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Our local Club in central Iowa has got started with Modular Railroading. So far we have built 8 curves, 45 degrees each that will make a 16 foot diameter double main line. These were financed by our club, CIGRS. Members are invited to build a 4 foot section to match the main line and decorate as they wish. We already have 12 of them built. We have set up at least 3 locations with good results. The issues we are questioning are, weight of each piece, they are pretty heavy. Ballast, we started with real crushed granite, adding more weight. It is also breaking loose with each move. Storage and transportation? We have made the corners stack-able on a cart with large casters that move pretty well. Would like to make the 4 foot straights stack-able, but want structures on many of them. Should the buildings be removable? How do we deal with them? What would make a lighter weight, more durable ballast? Wanting to add a storage yard.................. I know Del Oro Pacific has a huge set up, would love to see what they have going and how they move and do storage.
 

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Ballast- screened kitty litter or oil dry
A van trailer works good for storage and transportation, building shelves for structures will take up more room, but still possible. Also if leaving structures on, leaving more room between the shelves will allow for that.
Dennis
 

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cat litter is easier to "paint", than oil-dry.

dunk litter into coloured water, put on some old window-screen to dry.

advantage: coloured on the inside too. no light spots from rough handling afterwards.

(and waterbased stinks less, than oilbased)


choose a standard of asymetrical plugs.

and try to evade the mistakes shown here:

http://www.largescalecentral.com/forums/topic/17297/under-pressure/view/page/1
 

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Our modules were very large and got heavier as we aged. We reduced the width to about two feet (from four) on the straight sections, and reconfigured the corners so they were much smaller. Now they are lighter and easier to move in carts from the trailer we store them in. We do not attach buildings to the modules. Members decorate them each time we set up, often with a seasonal design (Halloween, Christmas, Independence Day, etc). We are setting up this weekend in Roseville, CA for International Rail Fair. I'll try to get some new pictures of the trailer, modules, and decorations.
 

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Midwest RAILS uses No. 1 cherry stone (chicken grit) for ballast. It is held in place with a 50-50 white or yellow glue and water mix. It works, but seems to be getting heavier as the members age. The club got started almost 25 years ago.

I used a 1x4 frame and 2" pink foam for the first modules that I built with horizontal 1x4 cross members for support. It may have been my construction technique, but after a few setups the foam separated from the frame. It would have fallen out if not glued to the cross-members underneath. For some later modules, I used plywood for some and gator board for others. All tops had their issues.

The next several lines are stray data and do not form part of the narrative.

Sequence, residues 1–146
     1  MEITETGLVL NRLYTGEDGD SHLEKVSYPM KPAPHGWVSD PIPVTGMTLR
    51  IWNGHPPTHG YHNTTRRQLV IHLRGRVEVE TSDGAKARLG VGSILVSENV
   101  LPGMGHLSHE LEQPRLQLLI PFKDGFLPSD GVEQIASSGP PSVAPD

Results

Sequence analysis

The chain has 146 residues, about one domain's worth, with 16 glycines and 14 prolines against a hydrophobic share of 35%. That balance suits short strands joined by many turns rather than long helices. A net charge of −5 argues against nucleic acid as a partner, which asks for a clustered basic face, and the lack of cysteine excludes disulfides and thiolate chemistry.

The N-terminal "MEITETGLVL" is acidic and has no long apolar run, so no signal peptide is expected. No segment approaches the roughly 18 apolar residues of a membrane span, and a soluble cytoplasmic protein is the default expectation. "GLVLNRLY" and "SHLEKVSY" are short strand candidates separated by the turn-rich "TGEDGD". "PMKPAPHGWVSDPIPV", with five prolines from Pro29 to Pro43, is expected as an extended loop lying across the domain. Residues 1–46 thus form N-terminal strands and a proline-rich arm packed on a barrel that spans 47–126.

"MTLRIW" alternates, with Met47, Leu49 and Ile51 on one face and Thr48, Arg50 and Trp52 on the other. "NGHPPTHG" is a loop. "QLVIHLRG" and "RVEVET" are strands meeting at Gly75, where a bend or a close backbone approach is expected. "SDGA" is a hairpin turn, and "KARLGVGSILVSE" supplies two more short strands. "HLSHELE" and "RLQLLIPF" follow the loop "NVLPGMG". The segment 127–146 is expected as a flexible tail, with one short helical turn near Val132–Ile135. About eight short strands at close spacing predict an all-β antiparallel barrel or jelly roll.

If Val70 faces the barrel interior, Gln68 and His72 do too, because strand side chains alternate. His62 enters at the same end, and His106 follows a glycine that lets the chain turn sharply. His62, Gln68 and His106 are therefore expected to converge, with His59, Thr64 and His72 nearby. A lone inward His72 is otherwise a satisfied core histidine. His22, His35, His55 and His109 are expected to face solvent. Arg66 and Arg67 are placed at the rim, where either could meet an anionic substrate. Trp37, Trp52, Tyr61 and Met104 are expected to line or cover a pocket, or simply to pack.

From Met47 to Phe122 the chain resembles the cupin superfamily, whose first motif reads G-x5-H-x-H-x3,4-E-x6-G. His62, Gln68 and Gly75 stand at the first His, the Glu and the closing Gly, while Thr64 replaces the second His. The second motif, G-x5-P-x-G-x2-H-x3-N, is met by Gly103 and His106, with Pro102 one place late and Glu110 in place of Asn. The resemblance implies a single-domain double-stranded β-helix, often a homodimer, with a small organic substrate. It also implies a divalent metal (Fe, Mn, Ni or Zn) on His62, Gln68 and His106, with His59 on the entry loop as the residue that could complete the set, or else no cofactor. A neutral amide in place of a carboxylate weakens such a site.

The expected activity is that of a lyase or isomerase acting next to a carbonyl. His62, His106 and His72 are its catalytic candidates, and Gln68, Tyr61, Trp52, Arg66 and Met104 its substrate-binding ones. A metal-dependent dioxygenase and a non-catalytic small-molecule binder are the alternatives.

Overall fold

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Clem's Warrior Run layout is modular and fits in a van trailer. It uses pink styrofoam inside a wood frame to reduce weight, and is fully scenic'd. The buildings come off for transport.


I'm sure Clem would be happy to give you more details. clem (at) warriorrunlocoworks (dot) com







This picture shows two modules under construction. The far one is standard pink foam top.



 

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If you put a couple of cleats on the outside at the bottom of each section when you stack them they will stay evenly stacked and won't slip side to side.
 

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The dirt on the modules is decomposed granite, which is the prevalent material in our region. It breaks down into chunks and further into almost a powder. We painted areas with yellow glue and sprinkled sifted DG onto the glue. Our layout sections have DG and LGB trackage on the top surface. Everything else is set in place. The module legs fold up and the modules are transported on their edges in a trailer.
 

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Bob:

Thanks. It looks pretty good in the pictures so I may give it a try. I know that several stone yards carry it in different colors.

Mark
 

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Our modular units stack up and become very stable on the dollies. We do not have legs as our units are on the ground. If you wanted to put legs on them the sides would have to be taller so that the units would still nest together. We were going to use kitty litter at a weight of 2 lbs per unit. As it is each straight unit is just over 28 lbs. Here is a link of some pictures. http://www.houstonagg.com/build-repair
 
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